Off-the-wall thinking by the International Molasses Corporation in New Jersey has allowed it to be used to clean contaminated sites. The ‘Sunday name’ of the process is enhanced anaerobic bioremediation, and it works because the dilute molasses becomes a food source for microbes naturally occurring within the soil. They multiply, and use the infused solvents to break down into non-toxic by-products like carbon dioxide. (Of course Co2 isn’t entirely squeaky clean, but it’s a lot less undesirable than some pollutants). And International Molasses uses its food grade product, so it can be certain any contamination problem isn’t made worse by the introduction of other ‘nasties’ into an already-polluted area.

Does the system work? The 3M Corporation and Johnson and Johnson certainly think so. They’ve both had the treatment at plants in upstate New York and New Jersey respectively, and have been satisfied with the results!

Podcast – Advice on spill control industry regulations

People who run their own business and store oil or chemicals know how difficult it can be when it comes to understanding the regulations surrounding the industry. The rules are different within the United Kingdom. In this interview, Mike Claridge, MD of Forth Systems Limited tackles the burning issues around the safe storage of the materials. He also sits on a committee within the British Safety Industry Federation.

Mike, we’re discussing the regulations relating to storing chemicals or oil outside. Why is it seen as very difficult for people involved in these industries to understand?
We have one country and effectively four sets of regulations. The England regulations came out first in 2001 and they cover oil stored in 200 litre drums or above outside and the Scottish regulations came in four years after that and they also cover 200 litre drums but the difference is that they cover the drums when they’re inside the building as well. In a lot of instances the Scottish regulations cover waste oil whereas the English regulations specifically exclude waste oil unless it’s waste cooking oil.  Last year the Northern Ireland regulations came in and they are slightly different again to the  England and the Scotland regulations and there’s a Welsh set that are due to come in either early next year or the end of this year and the full details on those hasn’t been released yet. It does seem to be that the devolution authorities want to be different from everybody else just to stamp their own footprint on it.

That must make it very difficult for the companies involved in this line of work?
It also makes it difficult for industrial catalogues for example who are selling throughout the UK. If their customers have offices in England, Scotland and Northern Ireland they are having to deal with three different sets of regulations. Part of the reason the spill containment group was set up within the BSIF was to help the industry harmonise those regulations. We’re at the moment having discussions with Defra and the Environment Agency to see how that might come about.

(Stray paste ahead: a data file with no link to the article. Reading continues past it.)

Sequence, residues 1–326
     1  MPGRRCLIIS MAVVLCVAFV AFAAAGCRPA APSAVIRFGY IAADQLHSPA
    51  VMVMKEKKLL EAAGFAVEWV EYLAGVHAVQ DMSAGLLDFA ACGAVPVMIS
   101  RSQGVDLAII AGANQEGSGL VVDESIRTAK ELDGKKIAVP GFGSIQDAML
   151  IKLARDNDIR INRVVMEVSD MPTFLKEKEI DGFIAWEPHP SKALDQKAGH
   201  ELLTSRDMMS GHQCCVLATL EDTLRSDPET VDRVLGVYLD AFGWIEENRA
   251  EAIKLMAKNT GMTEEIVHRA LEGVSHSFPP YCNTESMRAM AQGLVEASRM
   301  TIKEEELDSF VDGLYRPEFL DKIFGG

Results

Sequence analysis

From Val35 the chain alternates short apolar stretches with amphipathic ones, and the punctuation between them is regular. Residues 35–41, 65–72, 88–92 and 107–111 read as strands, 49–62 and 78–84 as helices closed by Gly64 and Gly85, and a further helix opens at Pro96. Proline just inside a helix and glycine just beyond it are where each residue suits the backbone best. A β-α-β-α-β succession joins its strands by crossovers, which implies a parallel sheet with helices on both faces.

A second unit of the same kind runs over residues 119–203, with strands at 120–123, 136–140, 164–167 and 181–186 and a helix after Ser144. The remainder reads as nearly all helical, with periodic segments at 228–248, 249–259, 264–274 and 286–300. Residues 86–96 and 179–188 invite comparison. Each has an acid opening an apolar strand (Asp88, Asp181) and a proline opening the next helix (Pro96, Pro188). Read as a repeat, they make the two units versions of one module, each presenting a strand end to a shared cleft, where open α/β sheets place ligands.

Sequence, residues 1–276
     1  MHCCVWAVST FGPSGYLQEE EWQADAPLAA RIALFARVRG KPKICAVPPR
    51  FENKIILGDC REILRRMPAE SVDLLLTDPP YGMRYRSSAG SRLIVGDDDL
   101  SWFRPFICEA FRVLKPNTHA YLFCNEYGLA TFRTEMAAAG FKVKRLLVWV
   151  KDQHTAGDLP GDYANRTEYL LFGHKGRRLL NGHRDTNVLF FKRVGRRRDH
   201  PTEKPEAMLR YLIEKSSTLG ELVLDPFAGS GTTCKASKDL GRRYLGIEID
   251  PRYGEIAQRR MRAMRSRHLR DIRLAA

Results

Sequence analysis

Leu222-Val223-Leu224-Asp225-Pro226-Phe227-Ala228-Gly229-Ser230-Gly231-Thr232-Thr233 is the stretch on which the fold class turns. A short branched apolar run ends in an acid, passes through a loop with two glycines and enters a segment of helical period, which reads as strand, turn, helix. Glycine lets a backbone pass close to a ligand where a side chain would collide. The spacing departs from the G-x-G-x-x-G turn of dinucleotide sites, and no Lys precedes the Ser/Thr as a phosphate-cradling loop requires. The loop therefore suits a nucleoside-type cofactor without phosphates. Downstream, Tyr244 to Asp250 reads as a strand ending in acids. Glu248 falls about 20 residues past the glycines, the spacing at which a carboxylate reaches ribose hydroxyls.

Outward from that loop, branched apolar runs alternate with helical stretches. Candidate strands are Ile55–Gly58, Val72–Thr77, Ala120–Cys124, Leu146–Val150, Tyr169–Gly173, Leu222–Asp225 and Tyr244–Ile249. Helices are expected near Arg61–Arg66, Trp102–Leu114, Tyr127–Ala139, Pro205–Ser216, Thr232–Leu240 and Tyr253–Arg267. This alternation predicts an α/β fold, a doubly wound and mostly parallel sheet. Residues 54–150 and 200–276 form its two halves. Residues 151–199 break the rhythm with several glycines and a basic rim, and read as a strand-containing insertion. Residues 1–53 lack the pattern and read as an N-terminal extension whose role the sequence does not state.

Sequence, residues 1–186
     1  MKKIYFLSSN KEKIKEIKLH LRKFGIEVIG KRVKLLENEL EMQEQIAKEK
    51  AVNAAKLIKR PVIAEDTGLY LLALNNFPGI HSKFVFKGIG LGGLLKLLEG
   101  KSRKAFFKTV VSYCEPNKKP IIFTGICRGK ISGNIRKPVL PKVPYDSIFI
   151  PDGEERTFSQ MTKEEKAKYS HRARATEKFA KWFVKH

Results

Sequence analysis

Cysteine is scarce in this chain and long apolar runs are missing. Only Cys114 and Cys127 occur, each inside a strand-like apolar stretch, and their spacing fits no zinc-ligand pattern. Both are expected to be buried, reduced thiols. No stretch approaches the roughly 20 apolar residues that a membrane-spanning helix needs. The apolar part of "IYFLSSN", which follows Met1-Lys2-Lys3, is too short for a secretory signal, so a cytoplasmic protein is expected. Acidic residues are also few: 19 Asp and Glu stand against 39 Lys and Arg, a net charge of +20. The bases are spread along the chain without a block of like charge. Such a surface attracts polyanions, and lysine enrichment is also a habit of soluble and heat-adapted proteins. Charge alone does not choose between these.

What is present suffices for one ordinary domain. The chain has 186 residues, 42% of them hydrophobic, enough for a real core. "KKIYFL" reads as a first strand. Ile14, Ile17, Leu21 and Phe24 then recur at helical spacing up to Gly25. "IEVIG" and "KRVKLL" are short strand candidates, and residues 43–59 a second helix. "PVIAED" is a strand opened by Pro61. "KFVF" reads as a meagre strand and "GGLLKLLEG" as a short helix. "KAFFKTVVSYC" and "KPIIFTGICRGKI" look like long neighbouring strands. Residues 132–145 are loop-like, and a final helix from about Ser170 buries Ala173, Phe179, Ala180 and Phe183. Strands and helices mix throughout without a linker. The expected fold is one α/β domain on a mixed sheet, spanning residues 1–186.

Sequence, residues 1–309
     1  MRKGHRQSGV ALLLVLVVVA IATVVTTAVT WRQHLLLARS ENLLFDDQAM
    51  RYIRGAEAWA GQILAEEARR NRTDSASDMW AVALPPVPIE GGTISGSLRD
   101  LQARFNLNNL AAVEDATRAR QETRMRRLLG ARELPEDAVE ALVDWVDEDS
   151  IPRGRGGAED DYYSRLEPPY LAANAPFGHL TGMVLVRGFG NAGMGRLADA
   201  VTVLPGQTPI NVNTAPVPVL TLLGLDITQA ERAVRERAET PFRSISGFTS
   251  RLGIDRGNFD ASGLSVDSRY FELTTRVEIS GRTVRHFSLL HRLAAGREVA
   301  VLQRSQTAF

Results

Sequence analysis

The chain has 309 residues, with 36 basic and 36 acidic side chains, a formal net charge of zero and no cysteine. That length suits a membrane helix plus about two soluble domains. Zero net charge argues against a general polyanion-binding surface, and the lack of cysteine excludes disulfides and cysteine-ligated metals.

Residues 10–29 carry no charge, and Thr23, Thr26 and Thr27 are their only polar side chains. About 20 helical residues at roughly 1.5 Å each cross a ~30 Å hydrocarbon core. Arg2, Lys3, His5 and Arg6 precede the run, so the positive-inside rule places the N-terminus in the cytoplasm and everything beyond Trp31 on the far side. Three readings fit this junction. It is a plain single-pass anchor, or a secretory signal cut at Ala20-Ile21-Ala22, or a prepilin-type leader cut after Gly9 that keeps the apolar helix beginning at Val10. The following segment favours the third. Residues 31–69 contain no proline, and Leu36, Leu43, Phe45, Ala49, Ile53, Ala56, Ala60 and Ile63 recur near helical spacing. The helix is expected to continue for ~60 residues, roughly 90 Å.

It’s very easy to see how companies could fall foul of the law, in terms of how to store safely oil or chemicals.

Yes, the Environment Agency’s official attitude is that the regulations are a last resort. What they would rather companies do is pay attention to the PPG guidelines – the Pollution Prevention Guidelines that they have issued. The relevant ones in our industry are PPG 2 and PPG 26 and if you conform with those regulations you will not fall foul of the law.

So where can people turn to for advice?

Companies such as ourselves or the Spill Control Centre as well because I believe that they will have details on their website as to what you need to do to comply with the various regulations. In essence, if you are in England you have to keep your oil – if it’s outside and in a drum of 200 litres or above – on a spill containment product which will contain 110% of the volume of the largest container or 25% of the total volume stored at that one particular point. If it’s inside it’s regarded as a housekeeping product and in England if you’re container unit has more than 25% capacity that’s fine. In Scotland it’s different. It must be bounded to the tune of 110% whether it’s inside or outside the building.

It sounds very confusing.
It is to somebody who doesn’t have any experience of the oil storage regulations. For example, a safety officer, newly employed by a company with no experience of dealing with that, yes, it would be confusing.  There are places you can go to get advice and the Environment Agency’s website is a good starting point.

The weather also changes things within this industry. Why do we need to be mindful of it?
Funnily enough, in this country it rains a fair bit and there are certain parts of this country where it rains more than others. One of the things the guidelines don’t specify is when you’re storing your drums outside on a spill containment unit and thus complying, that if it’s not covered then it’s going to fill up with rain water. One thing you have to do is have a documented maintenance programme so that any rainwater dropping where your plant is is supervised so that anything filling up with rainwater is dealt with straight away. The easy way of course is to cover it and have your spill containment unit either covered with a hard shelter or a tarpaulin cover or some other device. There are various different products available which are going to stop your unit filling up with water.

So you can buy products which would enable you to keep products more safely and appropriately contained?
Yes and the legislation obviously doesn’t detail that. It’s fairly obvious that if you’re living in very wet areas of the country a unit that’s sitting outside needs to be covered so that rainwater doesn’t fill up. There’s no point having some sort of  unit if it’s got a small leak in – say a couple of litres of oil but then you have a downpour and the unit will overflow because it’s designed to cope with the 200 litres in the drum not 700 litres which might fall in a massive downpour  overnight. Your oil would then flow out of your spill containment unit.

How would the oil or chemicals be affected if there was a downpour and these products weren’t covered adequately?
The simple thing to deal with is oil. Oil floats on water, if there’s even a litre at the bottom of a spill containment unit and it rains the unit will fill up with water and the oil sits on the top so the first thing that goes over the edge of the bund would be the oil which is what you’re trying to prevent in the first place.

Does the cold weather cause a hassle for people as well?
Not so much the cold weather but obviously if it snows and the snow melts you’re going to have the same problem if your spill containment unit isn’t covered and it’s sitting outside.

If companies found themselves falling foul of regulations what could happen to them?
They would get a fine but also what would probably be far greater than the fine would be if they had a spill incident, the cleanup costs. That could be 10 or 15 times more than any fine that you might get for creating the incident in the first place.

Further advice or access to spill containment products can be found by visiting